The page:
This is my bike and I'm planning to use suspension fork on it, I've converted it to ebike. My budget is approximately 100€/120 dollars. Do you have any recommendations what kind of suspension forks I should look at? I've heard that coil forks need less maintenance compared to air ones. I don't ride any hardcore mtb trails etc.

Some that I've looked myself 50-100mm travel ones are these reputable brands?: Morzocchi txc 2 Zoom Vaxa 30 595S

  • Not asking for specific models just linked what I've looked up myself. I'm asking in general for recommendations for suspension fork. Also your thread doesn't answer to my question.
    – MT247
    Dec 29, 2020 at 13:01
  • 3
    @Criggie To be fair, the question as currently worded asks what kind of fork, coil vs gas, is best for his needs. The second part asking about brands is likely off topic.
    – Eric S
    Dec 29, 2020 at 13:33
  • I don't think you can a get a new rigid fork worth riding for that amount
    – Paul H
    Dec 30, 2020 at 0:52

3 Answers 3


The type of fork you choose will tend to be based on your riding style, budget and what will work on your bike.

It might be good to consider ebike suspension forks

Whilst E-bike forks remain largely the same as their regular counterparts, it’s important to acknowledge that E-bikes are slightly different. E-bike suspension forks are usually designed to provide extra comfort, rather than actual cushioning off-road. Given their intended use, they are often more affordable than regular suspension forks since they feature less complex designs.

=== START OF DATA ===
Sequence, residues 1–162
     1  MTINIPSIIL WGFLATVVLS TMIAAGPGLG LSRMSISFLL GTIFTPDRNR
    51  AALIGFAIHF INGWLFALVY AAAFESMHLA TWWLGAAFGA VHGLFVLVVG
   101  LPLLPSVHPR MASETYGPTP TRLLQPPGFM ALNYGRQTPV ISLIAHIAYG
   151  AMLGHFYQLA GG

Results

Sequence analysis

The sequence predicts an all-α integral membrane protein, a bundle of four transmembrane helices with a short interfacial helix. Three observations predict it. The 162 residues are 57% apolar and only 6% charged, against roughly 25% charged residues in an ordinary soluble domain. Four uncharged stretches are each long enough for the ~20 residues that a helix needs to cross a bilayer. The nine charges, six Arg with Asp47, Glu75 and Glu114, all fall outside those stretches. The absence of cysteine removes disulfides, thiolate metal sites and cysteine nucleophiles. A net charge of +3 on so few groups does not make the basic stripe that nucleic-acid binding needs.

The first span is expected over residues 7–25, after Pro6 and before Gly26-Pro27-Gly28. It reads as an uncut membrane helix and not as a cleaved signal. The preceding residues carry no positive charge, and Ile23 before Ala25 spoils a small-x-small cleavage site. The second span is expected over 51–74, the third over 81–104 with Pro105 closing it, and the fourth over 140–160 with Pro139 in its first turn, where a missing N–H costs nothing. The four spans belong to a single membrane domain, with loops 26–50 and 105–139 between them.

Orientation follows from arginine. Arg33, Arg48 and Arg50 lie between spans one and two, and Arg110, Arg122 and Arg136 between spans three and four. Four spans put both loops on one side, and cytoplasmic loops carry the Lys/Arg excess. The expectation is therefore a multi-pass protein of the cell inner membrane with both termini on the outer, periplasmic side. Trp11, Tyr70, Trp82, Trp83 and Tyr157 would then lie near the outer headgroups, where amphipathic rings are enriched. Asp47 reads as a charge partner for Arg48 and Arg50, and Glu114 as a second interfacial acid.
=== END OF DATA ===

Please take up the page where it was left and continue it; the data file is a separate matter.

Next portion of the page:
bikester.co.uk (not a recommendation for this site or it's products)

Suspension Fork Type - Air vs Coil



  1. Generally lighter than coil
  2. Easy to adjust
  3. Especially good for cross country or trial riding


  1. Progressive spring rate - the more it is compressed the stiffer it becomes, not as smooth on big hits. This issue has been addressed in some air forks/shocks
  2. Stiction - the force needed to initiate the compression cycle can be high. This issue has been addressed in some air forks/shocks
  3. Generally harder to maintain than coil
  4. Generally more expensive than coil



  1. Linear spring rate
  2. Generally smoother feel even on the biggest hits
  3. Generally cheaper
  4. Generally easier to maintain than air


  1. Harder to adjust - the very cheap versions have no adjustment at all
  2. Generally heavier than air

Summarized from:

  • 2
    +1 - The "Harder to adjust" pro/con needs to be emphasized and maybe expanded - with cheap coil forks, alternate springs are typically no available so they cannot be adjusted. If springs are available adjustment means buying new springs so costs. For a street bike/forks for comfort probably not a big deal. For an off road bike and moderately competent rider, it should be a deal breaker not having a selection of springs to choose from.
    – mattnz
    Dec 29, 2020 at 19:33
  • 2
    I think your first con is a little off. A progressive spring rate is better on a big hits as the bottom outs are not as harsh. Linearity is better for smaller hits.
    – Paul H
    Dec 30, 2020 at 0:38
  • 4
    I realize you pulled that point from the Bike Roar website. To back up my claim, which comes from experience, you can read here: enduro-mtb.com/en/setup-guide-mtb-suspension . To be clear linear vs progressive spring rates are not pros or cons, but preferences.
    – Paul H
    Dec 30, 2020 at 0:44
  • Thank you, coil sounds a better choice for me because less maintenance and the weight is not that much an issue because of I'm riding ebike.
    – MT247
    Dec 30, 2020 at 18:58